Skip to Content

Is that Trip Really Free?  Vacation Claims & Offers

Download the PDF: Is That Trip Really Free?  Vacation Claims and OffersIt sounds too good to be true. You open up the mailbox to find that you’ve won a free trip to an exotic location. Could it be true? Maybe, but probably not.

Ask Questions

It may be hard to turn down a beach vacation in January but before accepting a free or extremely low cost trip, there are a few things to consider:

  • Why is the person or organization really offering me a free trip?
  • Do I have to provide my credit card number or other personal information over the phone?
  • Is the carrier merely identified as “a major airline,” without identifying which one I will be using?
  • Do I have to wait at least two months to take the trip? You only have 60 days to dispute a credit card charge.

Travel scams consistently rank near the top of the Federal Trade Commission’s list of consumer complaints.

Get the Details

  • Are you required to purchase anything to get the free or discounted trip? Sometimes part of the trip is free but another part is very expensive. Compare the cost of items like a rental car and hotel accommodations to see if the offer really saves you money.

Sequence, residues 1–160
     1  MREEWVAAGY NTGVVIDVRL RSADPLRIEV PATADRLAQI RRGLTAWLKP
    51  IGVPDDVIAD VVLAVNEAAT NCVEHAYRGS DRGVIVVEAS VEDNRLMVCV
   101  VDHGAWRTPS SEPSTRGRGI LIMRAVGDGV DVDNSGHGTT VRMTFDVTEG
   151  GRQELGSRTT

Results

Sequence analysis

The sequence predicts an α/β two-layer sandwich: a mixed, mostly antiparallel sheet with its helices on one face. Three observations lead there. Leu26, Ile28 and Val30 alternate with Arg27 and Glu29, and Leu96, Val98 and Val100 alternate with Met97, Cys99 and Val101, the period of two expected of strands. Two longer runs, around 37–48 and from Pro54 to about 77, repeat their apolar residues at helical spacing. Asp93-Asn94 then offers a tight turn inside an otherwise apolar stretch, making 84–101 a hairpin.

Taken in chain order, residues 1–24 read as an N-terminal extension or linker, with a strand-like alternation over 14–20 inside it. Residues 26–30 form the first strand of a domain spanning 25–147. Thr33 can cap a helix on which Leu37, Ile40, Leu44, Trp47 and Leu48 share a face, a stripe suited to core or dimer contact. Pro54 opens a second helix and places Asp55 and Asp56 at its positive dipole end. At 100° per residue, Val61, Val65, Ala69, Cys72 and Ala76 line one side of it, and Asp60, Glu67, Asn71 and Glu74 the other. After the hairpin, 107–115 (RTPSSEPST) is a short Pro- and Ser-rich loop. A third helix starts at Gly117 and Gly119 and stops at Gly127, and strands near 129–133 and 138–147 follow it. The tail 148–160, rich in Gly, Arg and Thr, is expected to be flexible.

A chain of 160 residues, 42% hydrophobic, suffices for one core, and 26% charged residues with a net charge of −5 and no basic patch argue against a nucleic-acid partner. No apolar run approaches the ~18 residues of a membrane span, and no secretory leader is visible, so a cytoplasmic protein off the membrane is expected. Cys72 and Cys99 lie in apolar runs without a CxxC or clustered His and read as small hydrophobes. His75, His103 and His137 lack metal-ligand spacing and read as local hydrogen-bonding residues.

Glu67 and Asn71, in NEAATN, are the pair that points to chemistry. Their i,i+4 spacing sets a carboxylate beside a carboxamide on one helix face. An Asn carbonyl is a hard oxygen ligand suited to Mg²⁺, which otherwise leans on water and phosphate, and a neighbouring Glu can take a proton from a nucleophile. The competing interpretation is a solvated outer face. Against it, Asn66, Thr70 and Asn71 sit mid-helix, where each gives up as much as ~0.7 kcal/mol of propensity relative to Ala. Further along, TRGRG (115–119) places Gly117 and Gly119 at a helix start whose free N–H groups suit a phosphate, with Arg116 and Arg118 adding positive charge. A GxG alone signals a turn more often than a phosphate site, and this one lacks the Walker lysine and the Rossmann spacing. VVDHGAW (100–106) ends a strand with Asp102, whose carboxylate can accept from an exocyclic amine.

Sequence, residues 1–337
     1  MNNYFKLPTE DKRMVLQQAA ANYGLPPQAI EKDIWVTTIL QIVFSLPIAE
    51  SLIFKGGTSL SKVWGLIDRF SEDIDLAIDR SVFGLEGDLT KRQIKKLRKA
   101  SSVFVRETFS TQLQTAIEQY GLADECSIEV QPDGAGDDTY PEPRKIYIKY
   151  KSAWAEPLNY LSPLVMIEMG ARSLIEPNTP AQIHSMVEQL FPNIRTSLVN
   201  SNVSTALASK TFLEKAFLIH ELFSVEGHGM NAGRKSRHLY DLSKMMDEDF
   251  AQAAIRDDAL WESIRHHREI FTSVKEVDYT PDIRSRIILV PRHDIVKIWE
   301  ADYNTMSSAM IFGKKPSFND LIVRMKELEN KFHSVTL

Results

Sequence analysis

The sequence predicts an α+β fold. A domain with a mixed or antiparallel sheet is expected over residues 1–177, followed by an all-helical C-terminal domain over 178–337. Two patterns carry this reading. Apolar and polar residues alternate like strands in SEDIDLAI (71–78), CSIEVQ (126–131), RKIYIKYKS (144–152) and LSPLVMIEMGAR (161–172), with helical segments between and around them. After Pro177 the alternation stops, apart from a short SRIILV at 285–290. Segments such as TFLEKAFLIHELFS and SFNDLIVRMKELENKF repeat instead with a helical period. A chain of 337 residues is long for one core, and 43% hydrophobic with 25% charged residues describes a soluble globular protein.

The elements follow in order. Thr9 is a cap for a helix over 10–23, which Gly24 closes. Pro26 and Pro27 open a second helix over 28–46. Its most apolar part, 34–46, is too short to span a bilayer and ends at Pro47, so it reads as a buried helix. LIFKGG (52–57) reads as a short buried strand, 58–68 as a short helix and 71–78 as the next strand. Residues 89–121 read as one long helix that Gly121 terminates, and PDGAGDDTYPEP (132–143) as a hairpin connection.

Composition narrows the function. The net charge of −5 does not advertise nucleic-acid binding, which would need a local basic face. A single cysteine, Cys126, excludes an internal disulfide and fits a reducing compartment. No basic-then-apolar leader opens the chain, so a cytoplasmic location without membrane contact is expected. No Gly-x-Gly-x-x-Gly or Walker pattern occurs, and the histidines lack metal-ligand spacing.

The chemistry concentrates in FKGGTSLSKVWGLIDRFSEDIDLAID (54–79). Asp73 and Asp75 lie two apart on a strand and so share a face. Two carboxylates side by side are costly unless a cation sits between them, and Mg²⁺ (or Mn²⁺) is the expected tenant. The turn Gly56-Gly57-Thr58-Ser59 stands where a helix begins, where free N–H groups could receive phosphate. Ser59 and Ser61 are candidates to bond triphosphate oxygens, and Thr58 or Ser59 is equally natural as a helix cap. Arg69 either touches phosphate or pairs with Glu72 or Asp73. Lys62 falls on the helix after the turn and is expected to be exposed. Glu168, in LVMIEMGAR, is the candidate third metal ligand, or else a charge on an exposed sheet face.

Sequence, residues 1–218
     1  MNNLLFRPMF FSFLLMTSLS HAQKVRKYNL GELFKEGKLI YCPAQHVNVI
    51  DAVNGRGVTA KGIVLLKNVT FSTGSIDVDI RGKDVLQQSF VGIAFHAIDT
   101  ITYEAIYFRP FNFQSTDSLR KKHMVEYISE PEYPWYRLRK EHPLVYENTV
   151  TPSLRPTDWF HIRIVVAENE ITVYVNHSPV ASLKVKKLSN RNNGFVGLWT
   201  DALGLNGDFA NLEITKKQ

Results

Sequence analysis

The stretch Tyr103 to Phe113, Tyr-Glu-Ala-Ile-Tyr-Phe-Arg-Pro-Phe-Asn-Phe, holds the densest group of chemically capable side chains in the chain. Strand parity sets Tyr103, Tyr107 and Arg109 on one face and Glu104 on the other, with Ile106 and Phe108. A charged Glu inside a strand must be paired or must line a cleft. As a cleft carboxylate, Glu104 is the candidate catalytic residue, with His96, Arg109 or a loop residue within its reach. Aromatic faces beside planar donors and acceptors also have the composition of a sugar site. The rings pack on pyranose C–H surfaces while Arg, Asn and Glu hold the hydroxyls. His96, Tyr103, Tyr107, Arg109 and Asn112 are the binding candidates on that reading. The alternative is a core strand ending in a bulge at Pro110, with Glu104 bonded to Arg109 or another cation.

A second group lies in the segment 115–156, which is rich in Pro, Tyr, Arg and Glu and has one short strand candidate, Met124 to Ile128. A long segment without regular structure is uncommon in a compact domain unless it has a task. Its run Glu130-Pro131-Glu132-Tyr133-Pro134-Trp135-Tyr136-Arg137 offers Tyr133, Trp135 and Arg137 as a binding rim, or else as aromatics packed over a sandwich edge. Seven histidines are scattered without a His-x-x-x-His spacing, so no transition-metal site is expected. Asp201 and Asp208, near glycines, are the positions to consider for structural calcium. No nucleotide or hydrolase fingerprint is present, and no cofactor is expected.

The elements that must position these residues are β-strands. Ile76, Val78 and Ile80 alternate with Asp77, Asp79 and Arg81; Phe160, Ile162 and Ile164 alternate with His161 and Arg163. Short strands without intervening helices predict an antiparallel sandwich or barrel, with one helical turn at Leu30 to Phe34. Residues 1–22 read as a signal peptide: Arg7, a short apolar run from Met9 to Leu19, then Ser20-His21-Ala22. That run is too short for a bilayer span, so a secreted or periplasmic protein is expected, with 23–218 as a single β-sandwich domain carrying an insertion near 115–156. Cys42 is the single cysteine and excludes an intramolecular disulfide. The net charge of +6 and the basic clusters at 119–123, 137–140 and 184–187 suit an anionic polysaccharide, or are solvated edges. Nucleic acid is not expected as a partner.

• What is the complete and total cost of the trip? Include all service charges, taxes, processing fees, and any other charges.
  • When is the departure date? Obtain written confirmation from the carrier before accepting the offer or paying
    anything.
  • What are the cancellation and refund policies? Be sure to obtain written copies of these policies.
  • Can you call the company back before making a final decision and before giving any credit card  information? Be especially wary if the answer is no.
  • Is this a limited time offers? Subtle tricks like this can pressure consumers into hasty and regrettable purchases.

All offers of free or discounted gifts and prizes warrant similar scrutiny. Tennessee law requires that, among other things, the entity making the offer must clearly and conspicuously state its name and street address, disclose the approximate (and verifiable) retail price of the gift, and give an approximate total of all costs, fees, or other monetary obligations which must be satisfied if the consumer accepts the offer.

Do Your Research

Check with the Division of Consumer Affairs and with the consumer protection agency where the company is located to find out whether they have received complaints about the business or person making the offer.

Please note though that the absence of complaints does not necessarily mean the promotion is legitimate. The company could be new. Unscrupulous promoters may also settle complaints, change their names, or move to avoid detection.

If you believe you have been the victim of a deceptive practice relating to travel or other areas, file a complaint with the Tennessee Division of Consumer Affairs.